Local Government Reorganisation information
The Government is actively driving a devolution agenda across the UK. To allow for powers and finance to be devolved from central Government to a local level, local authorities must exist that are large enough to receive them. The current two-tier system in Cumbria (of a county council with six districts each carrying out different services) does not offer this option.
Therefore, the Government has formally invited all seven Cumbrian authorities to submit their proposals for local government reform that would replace the current arrangements and create larger authorities in order to facilitate a future devolution deal. The Government has expressed a preference that local government reform will create a Directly Elected Mayor position for Cumbria.
Why are we proposing change?
- The status quo cannot continue. It is not financially sustainable in the long-term, does not provide value for money, creates duplication, and is confusing for our residents.
- A change is necessary to improve financial sustainability, remove duplication, increase collaboration between geographical areas and focus on integrated service delivery.
- Without change, the Government’s levelling up and devolution agenda cannot take effect and Cumbria is in danger of being left behind.
- The right platform and structure needs to be created to allow the area to prosper, unlock growth and to facilitate the levelling-up agenda through devolution.
What new model are we proposing?
Copeland Borough Council believes that current two-tier system of local government should be replaced with a new model; of two unitary authorities that carry out all the services in their respective areas, overseen by a combined authority with a Directly Elected Mayor. Copeland Council favours an east/west split in terms of the two-unitary structure; Copeland, Allerdale and Carlisle in a West Cumbria authority, and Eden, Barrow and South Lakeland in an East Cumbria authority. This model is supported by Allerdale Borough Council.
Why are we proposing a two-unitary model?
- It will provide a strong, single voice for the area.
- It will create a structure that is large enough to receive devolved powers, but small enough that important links with residents and businesses will be maintained.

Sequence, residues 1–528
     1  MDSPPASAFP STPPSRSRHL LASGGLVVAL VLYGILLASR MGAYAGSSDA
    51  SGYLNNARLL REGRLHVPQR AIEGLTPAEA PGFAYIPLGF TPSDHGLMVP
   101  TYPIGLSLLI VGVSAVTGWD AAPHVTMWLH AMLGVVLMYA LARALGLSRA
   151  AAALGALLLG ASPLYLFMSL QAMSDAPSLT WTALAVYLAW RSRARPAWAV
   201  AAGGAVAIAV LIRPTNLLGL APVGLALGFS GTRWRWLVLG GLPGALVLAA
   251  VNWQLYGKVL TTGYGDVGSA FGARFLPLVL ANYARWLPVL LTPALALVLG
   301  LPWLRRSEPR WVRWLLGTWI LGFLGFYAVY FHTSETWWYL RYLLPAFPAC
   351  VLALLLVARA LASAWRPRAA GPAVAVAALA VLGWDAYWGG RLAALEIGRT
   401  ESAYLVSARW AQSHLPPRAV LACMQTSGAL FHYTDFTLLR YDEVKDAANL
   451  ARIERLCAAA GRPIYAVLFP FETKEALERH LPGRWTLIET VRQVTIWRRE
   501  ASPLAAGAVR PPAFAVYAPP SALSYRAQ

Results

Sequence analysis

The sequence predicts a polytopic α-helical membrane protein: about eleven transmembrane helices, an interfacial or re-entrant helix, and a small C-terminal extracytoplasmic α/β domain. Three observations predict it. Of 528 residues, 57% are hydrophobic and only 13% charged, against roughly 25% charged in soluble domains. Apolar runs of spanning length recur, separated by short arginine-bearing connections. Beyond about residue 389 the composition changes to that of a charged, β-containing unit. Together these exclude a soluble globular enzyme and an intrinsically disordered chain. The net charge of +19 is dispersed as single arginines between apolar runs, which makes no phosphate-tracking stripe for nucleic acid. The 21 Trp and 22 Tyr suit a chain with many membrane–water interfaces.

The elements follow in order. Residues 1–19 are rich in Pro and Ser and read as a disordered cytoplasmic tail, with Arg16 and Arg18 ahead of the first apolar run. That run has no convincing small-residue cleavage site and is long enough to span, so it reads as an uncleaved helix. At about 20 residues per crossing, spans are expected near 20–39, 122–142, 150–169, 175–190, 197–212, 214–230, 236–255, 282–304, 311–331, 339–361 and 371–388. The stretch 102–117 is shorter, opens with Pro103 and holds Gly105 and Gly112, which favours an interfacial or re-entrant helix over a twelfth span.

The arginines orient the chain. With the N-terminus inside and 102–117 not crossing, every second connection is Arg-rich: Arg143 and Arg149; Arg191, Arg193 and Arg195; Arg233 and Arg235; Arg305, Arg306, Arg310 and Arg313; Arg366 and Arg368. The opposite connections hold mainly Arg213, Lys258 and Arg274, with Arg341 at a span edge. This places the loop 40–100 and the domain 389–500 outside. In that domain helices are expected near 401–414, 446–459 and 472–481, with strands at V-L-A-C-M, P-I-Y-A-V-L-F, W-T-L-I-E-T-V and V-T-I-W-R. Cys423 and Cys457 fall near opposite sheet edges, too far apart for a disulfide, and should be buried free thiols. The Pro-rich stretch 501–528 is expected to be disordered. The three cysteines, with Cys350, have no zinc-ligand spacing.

- It will provide leadership, local identity and accessibility; the leadership will be close to the people they represent
- Copeland and Allerdale already have shared social and economic history, transport links and housing markets.
Copeland Council's outline proposal was submitted to the Government on November 9. A proposal mirroring this was also sent by Allerdale Borough Council.
A full business cases with evidence and analysis was sent by Copeland Borough Council and Allerdale Borough Council to the Government on December 8. The Officer Decision Record (Executive Function) can be found here.
In it, the councils outline how our proposals will meet our objectives of creating integration between areas and improving service delivery and outcomes for the community, while offering strong local leadership, accountability and representation. The model proposed would also offer a more simplified structure and remove duplication, while generating efficiencies.
The councils propose:
- Cumbria should be restructured into two unitary authorities; Allerdale, Carlisle and Copeland should form one unitary authority, and Barrow, Eden and South Lakeland the other. The unitary authorities would carry out all the services in their area, and replace the current two-tier system of a county council and six districts.